The ‘Cochrane Collaboration’ is an international collective of researchers whose self-proclaimed role is to provide accurate and robust assessments of health interventions. The group specialises in ‘meta-analyses’: the grouping together of several similar studies on interventions including drug therapies.
In 2011, Cochrane researchers assessed the evidence relating to statin use in individuals at low risk of cardiovascular disease (defined as a less than 20 per cent risk over 10 years), and concluded that there was limited evidence of overall benefit .
Then in 2013, the same Cochrane group updated their data and concluded thatoverall risk of death and cardiovascular events (e.g. heart attack or stroke) were reduced by statins in low risk individuals, without increasing the risk of adverse events (including muscle, liver and kidney damage) . It seems the Cochrane reviewers had had quite some change of heart. A paper published in the BMJ in October 2013 questions the evidence on which this U-turn appeared to have been made .
The authors of the BMJ piece note that although the 2013 meta-analysis included four additional trials, these trials did not substantially change the findings. The change in advice was actually based on another meta-analysis, published in 2012, conducted by a group known as the Cholesterol Treatment Trialists’ (CTT) collaboration .
Among other things, the CTT authors concluded that, in low risk individuals, for each 1.0 mmol/l (39 mg/dl) reduction in LDL-cholesterol, statins reduce overall risk of death and heart attack by about 9 per cent and 20 per cent respectively. The conclusion was that statins have significant benefits in low risk individuals that greatly exceeded known risks of treatment.
However, the CTT authors took the odd step of calculating the benefits of statins according to a theoretical reduction in LDL-cholesterol levels. A much more relevant appraisal would be simply to calculate if, compared to placebo, statins actually reduce the risk of health outcomes.
The BMJ authors used the data from the CTT meta-analysis and found thatrisk of death was not reduced by statins at all. So, the CTT authors had extrapolated the data in a way that showed a benefit that actually does not exist in reality.
They also draw our attention to the impact of statin treatment on ‘serious adverse events’. This outcome can be improved by statins as a result of, say, a reduced number of heart attacks, but worsened through side effects such as muscle or liver damage. The BMJ authors note that the CTT review did not consider serious adverse events (a major omission).
Without knowing more about this, though, we simply cannot make a judgement regarding the overall effect of statins, and whether the net effect is beneficial or not. Interestingly, of three major trials that were included in the CTT review that assessed overall serious adverse effects, none found overall benefits from statin treatment.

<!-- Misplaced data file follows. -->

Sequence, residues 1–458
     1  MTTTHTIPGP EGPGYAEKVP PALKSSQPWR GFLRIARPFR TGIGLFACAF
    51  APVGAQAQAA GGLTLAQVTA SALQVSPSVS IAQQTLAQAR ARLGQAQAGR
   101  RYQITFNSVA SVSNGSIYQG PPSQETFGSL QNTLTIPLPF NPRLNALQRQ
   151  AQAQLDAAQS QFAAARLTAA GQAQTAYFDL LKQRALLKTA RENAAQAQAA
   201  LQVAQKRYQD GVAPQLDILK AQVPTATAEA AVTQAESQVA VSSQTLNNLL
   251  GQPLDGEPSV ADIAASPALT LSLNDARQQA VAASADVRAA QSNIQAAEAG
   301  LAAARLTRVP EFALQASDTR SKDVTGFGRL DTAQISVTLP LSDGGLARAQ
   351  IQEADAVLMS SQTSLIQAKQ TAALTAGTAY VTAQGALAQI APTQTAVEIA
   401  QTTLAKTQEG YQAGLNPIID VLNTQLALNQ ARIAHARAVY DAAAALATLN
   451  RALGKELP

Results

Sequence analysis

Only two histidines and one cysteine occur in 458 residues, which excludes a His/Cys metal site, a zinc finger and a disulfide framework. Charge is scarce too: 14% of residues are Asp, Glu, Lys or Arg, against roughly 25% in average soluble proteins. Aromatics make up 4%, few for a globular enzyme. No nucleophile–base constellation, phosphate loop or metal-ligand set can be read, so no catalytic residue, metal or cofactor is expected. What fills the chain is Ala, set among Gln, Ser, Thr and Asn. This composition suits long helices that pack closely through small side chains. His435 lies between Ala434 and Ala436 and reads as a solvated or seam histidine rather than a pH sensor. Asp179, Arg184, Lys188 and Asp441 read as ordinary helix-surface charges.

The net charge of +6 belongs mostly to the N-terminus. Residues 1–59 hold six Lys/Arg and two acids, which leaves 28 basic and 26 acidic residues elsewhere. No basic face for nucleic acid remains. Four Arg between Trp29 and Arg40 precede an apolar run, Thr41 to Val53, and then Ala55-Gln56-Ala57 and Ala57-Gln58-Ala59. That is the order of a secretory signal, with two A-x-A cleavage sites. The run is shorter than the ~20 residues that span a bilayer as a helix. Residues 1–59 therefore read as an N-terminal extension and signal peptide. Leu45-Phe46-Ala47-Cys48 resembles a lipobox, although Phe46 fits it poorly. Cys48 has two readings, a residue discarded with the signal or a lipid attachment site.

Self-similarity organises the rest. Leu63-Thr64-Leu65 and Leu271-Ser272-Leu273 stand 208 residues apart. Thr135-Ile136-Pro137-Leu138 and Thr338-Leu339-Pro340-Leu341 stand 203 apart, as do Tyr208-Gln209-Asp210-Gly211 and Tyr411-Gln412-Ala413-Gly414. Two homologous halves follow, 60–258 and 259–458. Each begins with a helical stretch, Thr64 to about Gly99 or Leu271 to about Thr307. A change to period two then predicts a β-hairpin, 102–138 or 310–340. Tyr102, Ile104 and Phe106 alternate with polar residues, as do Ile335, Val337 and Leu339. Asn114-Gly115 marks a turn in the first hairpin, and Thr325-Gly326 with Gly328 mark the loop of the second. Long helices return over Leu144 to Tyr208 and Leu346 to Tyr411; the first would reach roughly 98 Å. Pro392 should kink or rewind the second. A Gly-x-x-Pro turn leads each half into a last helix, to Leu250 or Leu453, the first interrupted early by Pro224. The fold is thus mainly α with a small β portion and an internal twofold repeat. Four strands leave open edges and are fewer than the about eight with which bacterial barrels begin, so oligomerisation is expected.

So, while the CTT authors seem to have over-hyped the benefits of statins, they seem at the same time to have been quite keen to steer clear of talk of their very real risks and the absence of evidence foroverall benefit.
The BMJ authors draw our attention to the fact that every single trial included in the CTT was industry funded. Such trials are well known to report results more favourably and perhaps downplay risks than independently funded research. The BMJ authors cite specific ways in which the adverse effects of drugs seen in clinical trials can be ‘minimised’. These include:
- The exclusion of individuals from trials with known health issues likely to be exacerbated by statins or signal susceptibility to statin side effects (such as liver, kidney and muscle disease).
- The use of a ‘run-in’ period before the study starts which detects and then excludes individuals who do not tolerate statins.
- The possibility that individuals ‘drop out’ from the study because of side effects, meaning that the incidence of some side effects can be ‘lost’ from the data.
- Failure of the study investigators to assess and monitor adverse events such as muscle damage and changes in brain function.
- Failure to properly ascertain or report adverse events.
It is noted that the Cochrane authors admit the reporting of adverse effects in studies is generally poor, but also state that it’s unlikely statins have major life-threatening hazards. The authors of the BMJ piece were not convinced, though, writing: “[The] large discrepancies between the frequency of adverse events reported in commercially funded randomised controlled trials included in the CTT meta-analysesand non-commercially funded studies show that determination of harms cannot be left to industry alone.”
The BMJ piece is accompanied by an editorial from the journal’s editor, Fiona Godlee , in which she writes
There is a concern underlying their critique that will be familiar to BMJ readers. It is that all of the trials included in the CTT meta-analysis were funded by the manufacturer of the statin being studied. They list the various ways in which these trials might have exaggerated the benefits of statins and minimised the harms, and they summarise what low risk patients need to know. Top of the list is the benefit of lifestyle change, something that the dominance ofindustry sponsored clinical trials too often obscures.
At one point, Fiona Godlee remarks:
None of this does much to bolster confidence in the published literature.
And now a curious thing has happened. On 27th January, the BMJ published an article co-authored by two of the original Cochrane authors (along with a general practitioner) . The piece examines the risk of a hypothetical male patient, and the benefits and risks to him of taking a statin. The piece is relentlessly positive in its appraisal of the benefits of statins, and does much to attempt to allay any fears we may have about risks.